That said, it isn’t perfect of course. There is a bluntness in the transients. While the notes themselves are controlled, note definition isn’t sharp. There is a slight one-notedness to it as well. There’s a certain character on the drums and bass guitar that is carried through from track to track. Not that it’s bad per se, just that it’s a coloration you’ll hear throughout. Yet despite my nitpicks, I do like the T4 Plus’ bass. Maybe I’m becoming a basshead over time as a reviewer but if the quality is there, even if it isn’t perfect, give me more. Mediocrity all around is never good but fun with a few blemishes is still pretty great.

There’s a lot of upper mids and lower treble to balance out the low end. The T4 Plus is thick sounding IEM and a little dark at times since its upper treble extension is only a peak and not a sustained presence. Coming off the upper mids is a good amount of lower treble in the 5 kHz region to give vocals extra clarity while the 6 - 7 kHz dip does suppress some of the crispness of the attack in the hats and cymbals. As such, like many IEMs, treble timbre has an overemphasis and de-emphasis in different parts of the note. Altogether, it makes the Tin HiFi’s top end sound like that of a balanced IEM that plays almost distinctly from its bassy low end. Hence, L-shaped sound signature.


For technical performance, the T4 Plus is adequate. Soundstage and imaging is IEM-like. Stage depth is shallow. Layering is relatively flat. Resolution and instrument separation are decent but not beyond the standard for budget IEMs nowadays. Bass dynamics is above average for the weight of its impact. The only outstanding aspect of the T4 Plus’ sonic presentation is its bass quality compared to its contemporaries. I think it’s less of a critique of the T4 Plus but rather a reflection of how good IEMs have gotten and how fiercely competitive the market is.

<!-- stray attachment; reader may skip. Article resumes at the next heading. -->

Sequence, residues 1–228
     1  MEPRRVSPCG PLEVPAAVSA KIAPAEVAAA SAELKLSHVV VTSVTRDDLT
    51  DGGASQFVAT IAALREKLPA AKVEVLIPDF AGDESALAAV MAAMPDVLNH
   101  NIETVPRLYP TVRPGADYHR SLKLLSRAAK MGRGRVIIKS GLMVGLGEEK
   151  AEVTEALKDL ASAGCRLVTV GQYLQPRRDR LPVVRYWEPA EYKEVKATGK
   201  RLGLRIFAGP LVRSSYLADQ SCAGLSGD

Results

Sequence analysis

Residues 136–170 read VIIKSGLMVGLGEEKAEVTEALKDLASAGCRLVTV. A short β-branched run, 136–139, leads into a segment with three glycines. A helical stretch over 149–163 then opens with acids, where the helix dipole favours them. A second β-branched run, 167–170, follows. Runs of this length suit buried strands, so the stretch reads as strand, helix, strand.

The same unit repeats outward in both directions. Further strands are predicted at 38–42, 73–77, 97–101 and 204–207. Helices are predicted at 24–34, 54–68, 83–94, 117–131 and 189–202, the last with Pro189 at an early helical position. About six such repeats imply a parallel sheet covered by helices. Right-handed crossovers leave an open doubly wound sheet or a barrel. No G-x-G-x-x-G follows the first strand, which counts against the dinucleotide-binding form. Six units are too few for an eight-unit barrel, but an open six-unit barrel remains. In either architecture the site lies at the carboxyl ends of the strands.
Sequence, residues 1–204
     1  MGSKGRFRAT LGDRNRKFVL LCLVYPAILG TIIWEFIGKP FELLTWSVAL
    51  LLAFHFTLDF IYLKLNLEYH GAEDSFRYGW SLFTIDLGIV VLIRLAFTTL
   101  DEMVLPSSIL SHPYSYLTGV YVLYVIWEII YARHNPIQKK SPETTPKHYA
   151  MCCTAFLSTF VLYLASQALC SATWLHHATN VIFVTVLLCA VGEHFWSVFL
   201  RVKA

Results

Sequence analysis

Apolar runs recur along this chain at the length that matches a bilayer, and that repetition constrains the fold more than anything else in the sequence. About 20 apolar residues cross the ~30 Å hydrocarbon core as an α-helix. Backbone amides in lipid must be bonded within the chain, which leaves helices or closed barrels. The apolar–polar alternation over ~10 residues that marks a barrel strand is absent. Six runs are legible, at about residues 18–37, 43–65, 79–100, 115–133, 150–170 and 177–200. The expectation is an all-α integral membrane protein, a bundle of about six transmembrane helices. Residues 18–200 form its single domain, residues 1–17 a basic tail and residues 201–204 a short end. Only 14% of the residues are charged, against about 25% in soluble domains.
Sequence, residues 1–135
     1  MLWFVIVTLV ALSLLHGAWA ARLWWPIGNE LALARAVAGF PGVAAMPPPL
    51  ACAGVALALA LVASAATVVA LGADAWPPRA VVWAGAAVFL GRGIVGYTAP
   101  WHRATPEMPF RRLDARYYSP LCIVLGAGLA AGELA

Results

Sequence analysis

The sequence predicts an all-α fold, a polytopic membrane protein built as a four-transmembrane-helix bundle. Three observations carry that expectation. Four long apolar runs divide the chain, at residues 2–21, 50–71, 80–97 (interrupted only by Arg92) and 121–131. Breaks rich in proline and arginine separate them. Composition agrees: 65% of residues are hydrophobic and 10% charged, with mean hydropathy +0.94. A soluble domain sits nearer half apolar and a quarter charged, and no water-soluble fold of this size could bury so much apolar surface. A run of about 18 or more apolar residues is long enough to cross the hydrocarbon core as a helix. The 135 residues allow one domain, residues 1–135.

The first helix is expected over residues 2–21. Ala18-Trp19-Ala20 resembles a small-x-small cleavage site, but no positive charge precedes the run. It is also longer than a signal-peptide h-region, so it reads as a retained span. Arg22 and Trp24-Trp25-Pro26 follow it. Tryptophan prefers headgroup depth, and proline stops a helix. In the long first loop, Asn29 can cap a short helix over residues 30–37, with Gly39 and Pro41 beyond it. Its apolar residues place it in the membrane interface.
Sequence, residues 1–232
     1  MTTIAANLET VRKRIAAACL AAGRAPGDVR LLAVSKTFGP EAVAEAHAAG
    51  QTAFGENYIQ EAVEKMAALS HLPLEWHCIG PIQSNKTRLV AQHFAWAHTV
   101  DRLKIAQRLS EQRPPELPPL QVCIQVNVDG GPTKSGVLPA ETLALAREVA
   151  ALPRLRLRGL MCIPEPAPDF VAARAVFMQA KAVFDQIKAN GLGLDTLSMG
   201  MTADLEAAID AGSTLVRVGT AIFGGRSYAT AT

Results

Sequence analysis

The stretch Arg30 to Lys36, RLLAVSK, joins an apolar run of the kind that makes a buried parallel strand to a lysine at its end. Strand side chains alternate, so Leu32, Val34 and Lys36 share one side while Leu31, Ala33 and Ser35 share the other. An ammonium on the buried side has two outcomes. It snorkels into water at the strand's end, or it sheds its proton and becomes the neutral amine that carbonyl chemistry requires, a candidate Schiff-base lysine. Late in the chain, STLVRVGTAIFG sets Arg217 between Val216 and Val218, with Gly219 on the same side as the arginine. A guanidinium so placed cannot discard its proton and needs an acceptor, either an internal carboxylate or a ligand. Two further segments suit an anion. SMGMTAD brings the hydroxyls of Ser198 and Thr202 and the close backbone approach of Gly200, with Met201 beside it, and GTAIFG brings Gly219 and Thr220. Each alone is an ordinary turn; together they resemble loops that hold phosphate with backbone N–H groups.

Here can see the graph comparison between the ever popular MoonDrop Aria and Tin HiFi T4 Plus. Tonally, the Aria has a warmer, smoother, more natural sound than the bassy, thick, L-shape sounding T4 Plus. It’s more balanced as a whole. However, the bass quality of the T4 Plus is superior to the Aria with a heavier weight and authority behind each note. Personally, I’d probably get the T4 Plus for the better bass quality. Maybe it’s recency bias or maybe I’m just burnt out with all these well-tuned, slightly warm IEMs that ChiFi is churning out now. The T4 Plus does something a little bit unique and that’s enough for me.

Should You Buy It?

Eh. I can give it a recommendation but not a strong one. I like it but the problem really is the price. At $120, it’s 50% more expensive than the Aria/Titan S/T3 Plus. While it does differentiate itself from the pack, I’m not sure it's enough. Not to mention that at this price range, the planar IEMs are just around the corner. We aren’t playing around in the “I’ll buy it and try” prices of budget ChiFi anymore. This is the “I need to make a decision I’ll can be happy with for a while” range. Here, every little bit counts in such a hyper competitive market. Case in point, the one aspect of the T4 Plus that annoys me is the shell. It works and is adequately comfortable but almost every other IEM out there nowadays is going to be more comfortable for longer periods of time. Altogether, it makes it a hard sell for the T4 Plus. But at the very least, it does have one thing going for it: it’s a rare L-shaped IEM there with commendable bass quality. I can’t remember the last time I heard one.